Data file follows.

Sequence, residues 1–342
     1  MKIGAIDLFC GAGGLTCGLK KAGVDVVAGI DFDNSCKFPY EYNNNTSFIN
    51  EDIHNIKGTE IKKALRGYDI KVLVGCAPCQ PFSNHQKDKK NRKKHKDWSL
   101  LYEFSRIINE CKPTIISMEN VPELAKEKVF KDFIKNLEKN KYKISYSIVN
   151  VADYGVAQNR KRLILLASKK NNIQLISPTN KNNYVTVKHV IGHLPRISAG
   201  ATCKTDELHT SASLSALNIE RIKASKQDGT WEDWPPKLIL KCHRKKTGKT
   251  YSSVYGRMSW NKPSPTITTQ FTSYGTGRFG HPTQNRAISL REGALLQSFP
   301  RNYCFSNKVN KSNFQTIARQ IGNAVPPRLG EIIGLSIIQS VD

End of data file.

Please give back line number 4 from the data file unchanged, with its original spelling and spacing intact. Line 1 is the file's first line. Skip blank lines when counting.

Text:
   101  LYEFSRIINE CKPTIISMEN VPELAKEKVF KDFIKNLEKN KYKISYSIVN